Common Sense on Climate Change

Appeared in the Ft. Collins Coloradoan on December 24, 2009

Media coverage of the climate change negotiations in Copenhagen often includes some basic misconceptions. We’d like to point out some facts that are not in dispute, and try to cool tempers a little.  We’re both climate scientists with decades of experience: Scott is a Professor of Atmospheric Science at CSU and Todd is a scientist at the Los Alamos National Laboratory. 

One common misconception often repeated in the media is that concern about global warming is based on recent warming trends. We hear endlessly repeated arguments about how much (or how little) the weather has warmed in recent years. Television pundits and politicians sometimes talk themselves blue about whether recent warming is caused by people or natural cycles. But the reason we expect climate to warm with increasing levels of CO2 is not based on past trends. It’s based on simple measurements of heat radiation from the gas itself.

The Earth’s temperature is set by a balance between incoming heat from the Sun and the radiation of that heat back to space. Molecules of carbon dioxide and water vapor in the air absorb some of the outgoing heat and radiate it back down to the surface, like tiny heat lamps in the sky. The heat radiation from CO2 molecules was first discovered nearly 150 years ago. The properties of the gas are not in the slightest dispute, and can be measured by any laboratory with exactly the same results. The basic science was done before the Civil War and does not depend on complicated computer models.

When scientists predict global warming due to continued reliance on fossil fuels, we are simply saying that if you add heat to the surface of the Earth, it will warm up. Another undisputed fact is that since 1800, the amount of CO2 in the air has increased by about 35%. If it were to double from preindustrial levels, 4 watts of heat would shine down on every square meter of the planet: that’s the equivalent of a tiny night-light bulb that burns 24 hours a day, 365 days a year. Simple common sense suggests this will warm the climate.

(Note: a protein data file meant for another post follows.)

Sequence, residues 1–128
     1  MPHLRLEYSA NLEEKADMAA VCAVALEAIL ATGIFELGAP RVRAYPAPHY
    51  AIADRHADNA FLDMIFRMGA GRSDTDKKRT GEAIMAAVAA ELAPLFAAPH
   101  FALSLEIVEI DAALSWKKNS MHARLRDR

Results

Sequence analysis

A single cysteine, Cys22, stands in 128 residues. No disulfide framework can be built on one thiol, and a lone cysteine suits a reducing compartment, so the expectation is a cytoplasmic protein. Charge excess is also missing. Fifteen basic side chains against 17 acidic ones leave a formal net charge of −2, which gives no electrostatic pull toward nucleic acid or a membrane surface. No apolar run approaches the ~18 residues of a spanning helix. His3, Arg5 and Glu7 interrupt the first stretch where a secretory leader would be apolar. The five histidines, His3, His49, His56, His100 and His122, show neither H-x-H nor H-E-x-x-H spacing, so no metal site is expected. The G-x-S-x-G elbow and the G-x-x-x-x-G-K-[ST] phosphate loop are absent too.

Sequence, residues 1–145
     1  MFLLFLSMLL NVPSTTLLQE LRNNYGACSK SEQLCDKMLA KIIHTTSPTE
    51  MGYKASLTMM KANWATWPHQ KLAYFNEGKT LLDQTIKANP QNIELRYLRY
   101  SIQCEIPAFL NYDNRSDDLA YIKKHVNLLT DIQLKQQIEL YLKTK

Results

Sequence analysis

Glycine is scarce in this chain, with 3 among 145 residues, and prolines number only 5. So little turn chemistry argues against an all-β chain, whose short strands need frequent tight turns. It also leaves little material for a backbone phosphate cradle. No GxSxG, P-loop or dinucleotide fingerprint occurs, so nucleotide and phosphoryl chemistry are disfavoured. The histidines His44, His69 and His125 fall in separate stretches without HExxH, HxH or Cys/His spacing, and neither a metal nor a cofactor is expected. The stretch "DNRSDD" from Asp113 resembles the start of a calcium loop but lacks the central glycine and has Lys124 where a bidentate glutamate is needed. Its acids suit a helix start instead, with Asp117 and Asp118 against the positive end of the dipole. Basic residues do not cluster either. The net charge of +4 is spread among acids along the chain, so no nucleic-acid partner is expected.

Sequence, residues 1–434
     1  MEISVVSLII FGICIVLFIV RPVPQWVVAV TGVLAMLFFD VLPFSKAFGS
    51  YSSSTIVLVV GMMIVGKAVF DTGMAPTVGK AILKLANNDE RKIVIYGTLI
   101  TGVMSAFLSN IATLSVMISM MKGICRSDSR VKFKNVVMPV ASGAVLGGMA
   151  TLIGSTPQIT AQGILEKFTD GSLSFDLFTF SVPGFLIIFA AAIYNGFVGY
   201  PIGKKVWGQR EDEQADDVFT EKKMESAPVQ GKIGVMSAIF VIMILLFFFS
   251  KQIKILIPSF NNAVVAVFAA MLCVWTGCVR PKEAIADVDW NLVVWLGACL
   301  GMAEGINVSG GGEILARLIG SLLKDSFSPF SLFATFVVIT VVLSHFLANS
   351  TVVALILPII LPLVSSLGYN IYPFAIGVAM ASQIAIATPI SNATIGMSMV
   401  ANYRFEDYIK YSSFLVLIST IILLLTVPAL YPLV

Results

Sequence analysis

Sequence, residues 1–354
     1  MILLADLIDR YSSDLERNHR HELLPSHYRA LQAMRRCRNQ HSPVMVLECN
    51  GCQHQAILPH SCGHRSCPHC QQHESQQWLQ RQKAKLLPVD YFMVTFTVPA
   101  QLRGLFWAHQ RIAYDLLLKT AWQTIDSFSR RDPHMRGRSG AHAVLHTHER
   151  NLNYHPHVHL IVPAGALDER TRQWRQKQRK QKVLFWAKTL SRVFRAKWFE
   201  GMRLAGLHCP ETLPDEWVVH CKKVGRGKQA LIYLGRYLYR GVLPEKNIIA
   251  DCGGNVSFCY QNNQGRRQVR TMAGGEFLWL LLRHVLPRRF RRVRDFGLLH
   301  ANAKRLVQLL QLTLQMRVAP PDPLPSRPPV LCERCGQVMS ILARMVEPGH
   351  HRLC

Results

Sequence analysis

You’d think pundits who predict this will not cause climate change would have some kind of explanation for why this extra heat will not warm the planet, but they don’t. They seem to think that because there are natural climate cycles, or because the climate has not yet warmed catastrophically, or because of hacked emails in England the laws of physics have somehow been repealed. Sorry: adding heat to something changes its temperature, unless something else takes the heat away.

Media pundits also seem to think the sky will fall if we burn less fossil fuel. This view betrays a very dim view of human history. If the naysayers had their way, we’d still be driving buggies!  Some argue that our entire modern economy rests on the subsidy of cheap fossil fuel. If they are right, our children’s future is dark indeed because industrialization in China and India will soon outstrip world supplies. We take the more optimistic view that human ingenuity and creativity can and will lead to a bright future in which billions of people can live well without burning coal, oil, or gas.

Scott Denning and Todd Ringler are science advisors to the Fort Collins Sustainability Group.  They can be reached at [email protected]

Author: Rick Casey

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